Medicaid accounts for 29m percent of total state spending across all funding sources, and LTSS make up 32 percent of Medicaid costs. During times of extreme budget shortfalls, Medicaid, and especially optional and waivered services such as HCBS, are vulnerable to cuts. Even outside of budget crises, states report that uncertainty about demand dampens interest in expanding HCBS access and prevents them from shifting waiver services into a more permanent state plan option.
Congress took important first steps in providing this financial assurance to states through the passage of the American Rescue Plan Act and its one-year HCBS FMAP increase, and the president has called for further expanded access to HCBS in his American Jobs Plan. As part of this follow-on legislation focused on infrastructure, Congress should make the one-year increase permanent and further increase FMAP to encourage and enable both HCBS service and eligibility expansions and workforce investments. The additional FMAP enhancement should be tied to a long-term plan for workforce investment, state increases in the percentage of individuals with high levels of LTSS needs served in community-based settings, and the achievement of population-specific (for example, older adults, individuals with physical disabilities) balance targets.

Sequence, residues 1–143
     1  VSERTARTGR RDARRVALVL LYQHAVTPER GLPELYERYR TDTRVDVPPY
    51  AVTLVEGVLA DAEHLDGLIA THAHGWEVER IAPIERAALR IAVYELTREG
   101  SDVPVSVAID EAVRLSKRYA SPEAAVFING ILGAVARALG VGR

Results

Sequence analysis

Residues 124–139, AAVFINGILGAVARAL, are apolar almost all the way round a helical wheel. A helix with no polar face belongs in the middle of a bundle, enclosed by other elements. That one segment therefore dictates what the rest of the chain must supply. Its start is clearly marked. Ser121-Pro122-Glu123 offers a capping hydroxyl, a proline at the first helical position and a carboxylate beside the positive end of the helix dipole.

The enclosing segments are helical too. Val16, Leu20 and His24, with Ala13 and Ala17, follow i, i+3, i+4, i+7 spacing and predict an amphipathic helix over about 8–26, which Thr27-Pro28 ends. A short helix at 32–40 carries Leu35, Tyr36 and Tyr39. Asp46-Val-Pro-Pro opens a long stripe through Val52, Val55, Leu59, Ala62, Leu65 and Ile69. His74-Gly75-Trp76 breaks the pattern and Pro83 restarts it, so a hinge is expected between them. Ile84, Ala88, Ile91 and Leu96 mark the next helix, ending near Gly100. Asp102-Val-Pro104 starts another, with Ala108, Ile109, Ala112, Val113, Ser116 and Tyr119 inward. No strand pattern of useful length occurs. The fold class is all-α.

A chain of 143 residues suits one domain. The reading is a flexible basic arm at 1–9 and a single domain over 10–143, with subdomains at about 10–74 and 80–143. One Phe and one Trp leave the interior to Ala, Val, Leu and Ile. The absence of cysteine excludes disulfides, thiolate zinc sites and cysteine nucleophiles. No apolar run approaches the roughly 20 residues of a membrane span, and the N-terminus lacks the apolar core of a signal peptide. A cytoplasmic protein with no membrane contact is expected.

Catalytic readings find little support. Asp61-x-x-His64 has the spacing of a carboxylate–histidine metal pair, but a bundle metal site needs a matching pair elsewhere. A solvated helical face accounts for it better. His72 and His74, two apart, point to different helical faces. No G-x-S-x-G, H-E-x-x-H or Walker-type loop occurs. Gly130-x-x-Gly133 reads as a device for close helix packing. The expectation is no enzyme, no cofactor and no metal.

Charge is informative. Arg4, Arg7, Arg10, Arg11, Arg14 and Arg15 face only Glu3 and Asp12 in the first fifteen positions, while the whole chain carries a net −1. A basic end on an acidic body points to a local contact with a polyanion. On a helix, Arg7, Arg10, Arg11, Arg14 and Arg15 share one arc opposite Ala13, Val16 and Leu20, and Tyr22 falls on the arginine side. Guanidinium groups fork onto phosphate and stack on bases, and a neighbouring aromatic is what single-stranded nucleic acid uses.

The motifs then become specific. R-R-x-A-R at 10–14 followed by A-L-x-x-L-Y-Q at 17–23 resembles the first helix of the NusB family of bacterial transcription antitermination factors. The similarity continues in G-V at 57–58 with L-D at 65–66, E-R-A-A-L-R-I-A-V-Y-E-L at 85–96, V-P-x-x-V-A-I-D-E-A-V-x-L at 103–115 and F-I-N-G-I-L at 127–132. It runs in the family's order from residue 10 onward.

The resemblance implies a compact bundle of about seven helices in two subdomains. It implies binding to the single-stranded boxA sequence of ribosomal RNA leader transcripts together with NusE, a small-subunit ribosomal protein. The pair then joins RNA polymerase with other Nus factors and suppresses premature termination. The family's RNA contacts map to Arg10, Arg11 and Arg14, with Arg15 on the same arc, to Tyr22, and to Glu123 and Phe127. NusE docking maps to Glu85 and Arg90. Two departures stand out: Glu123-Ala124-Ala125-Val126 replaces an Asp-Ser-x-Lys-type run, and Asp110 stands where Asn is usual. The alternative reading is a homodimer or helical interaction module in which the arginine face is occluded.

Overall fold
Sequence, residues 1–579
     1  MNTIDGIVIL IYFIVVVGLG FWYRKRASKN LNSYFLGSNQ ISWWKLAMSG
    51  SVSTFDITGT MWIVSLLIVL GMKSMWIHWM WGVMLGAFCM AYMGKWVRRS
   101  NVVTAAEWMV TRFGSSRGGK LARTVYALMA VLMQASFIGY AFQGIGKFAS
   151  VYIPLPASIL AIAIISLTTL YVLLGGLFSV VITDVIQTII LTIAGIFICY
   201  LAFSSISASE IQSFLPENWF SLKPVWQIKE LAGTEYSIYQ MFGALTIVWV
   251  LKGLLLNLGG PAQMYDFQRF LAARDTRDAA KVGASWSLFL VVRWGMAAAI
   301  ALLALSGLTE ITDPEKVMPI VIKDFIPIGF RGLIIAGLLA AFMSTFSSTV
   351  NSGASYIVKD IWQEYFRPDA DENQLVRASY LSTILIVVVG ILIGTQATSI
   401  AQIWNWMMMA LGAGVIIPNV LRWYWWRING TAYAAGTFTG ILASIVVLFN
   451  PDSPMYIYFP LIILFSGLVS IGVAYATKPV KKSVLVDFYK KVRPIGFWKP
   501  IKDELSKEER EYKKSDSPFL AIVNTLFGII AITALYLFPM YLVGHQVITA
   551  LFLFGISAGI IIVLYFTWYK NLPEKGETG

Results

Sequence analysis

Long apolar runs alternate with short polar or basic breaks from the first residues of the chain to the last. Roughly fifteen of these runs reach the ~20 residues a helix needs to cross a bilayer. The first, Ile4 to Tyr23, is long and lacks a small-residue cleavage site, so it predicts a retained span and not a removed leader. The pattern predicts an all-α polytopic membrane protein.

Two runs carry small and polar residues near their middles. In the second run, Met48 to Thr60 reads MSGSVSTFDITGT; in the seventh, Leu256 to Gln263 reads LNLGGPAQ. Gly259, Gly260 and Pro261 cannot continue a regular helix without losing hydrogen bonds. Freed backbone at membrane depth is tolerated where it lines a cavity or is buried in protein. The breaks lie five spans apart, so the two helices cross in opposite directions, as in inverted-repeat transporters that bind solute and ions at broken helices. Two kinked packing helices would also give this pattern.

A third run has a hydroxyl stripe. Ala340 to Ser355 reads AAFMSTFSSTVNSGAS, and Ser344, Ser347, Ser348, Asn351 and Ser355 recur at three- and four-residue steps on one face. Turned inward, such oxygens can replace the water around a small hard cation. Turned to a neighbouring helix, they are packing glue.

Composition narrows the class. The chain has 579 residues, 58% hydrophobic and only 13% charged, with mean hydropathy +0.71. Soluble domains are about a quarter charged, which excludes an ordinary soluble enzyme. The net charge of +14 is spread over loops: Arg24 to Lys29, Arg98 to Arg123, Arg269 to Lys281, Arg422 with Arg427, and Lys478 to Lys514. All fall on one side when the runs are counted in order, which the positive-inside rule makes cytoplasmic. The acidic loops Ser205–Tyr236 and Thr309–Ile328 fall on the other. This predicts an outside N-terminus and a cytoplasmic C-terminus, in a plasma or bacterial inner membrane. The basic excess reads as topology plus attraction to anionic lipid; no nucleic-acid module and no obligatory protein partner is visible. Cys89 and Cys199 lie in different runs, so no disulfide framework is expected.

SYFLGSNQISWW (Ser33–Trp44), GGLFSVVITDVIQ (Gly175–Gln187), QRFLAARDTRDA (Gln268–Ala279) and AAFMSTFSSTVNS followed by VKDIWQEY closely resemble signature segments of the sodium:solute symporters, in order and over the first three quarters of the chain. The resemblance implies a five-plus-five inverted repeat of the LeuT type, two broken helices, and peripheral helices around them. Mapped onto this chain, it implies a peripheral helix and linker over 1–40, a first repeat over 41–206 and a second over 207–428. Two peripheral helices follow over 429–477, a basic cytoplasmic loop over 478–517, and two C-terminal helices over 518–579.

Second, coupled with this enhanced funding, CMS should educate states on financial controls currently available through various HCBS authorities, such as enrollment controls available through 1915(i) state plan authority. Because the 1915(i) is a state plan amendment, and because state plan amendments are perceived as entitlements that lack the ability to set enrollment caps, few states use this approach to expand HCBS. However, the 1915(i) also allows states to offer HCBS to individuals before they require a full institutional level of care, making this authority a strong approach for preventing significant functional decline and allowing for a broader expansion of HCBS even with potential enrollment caps. Education for states on controls and successes associated with 1915(i) and other HCBS authorities could increase state uptake and expand access to HCBS generally.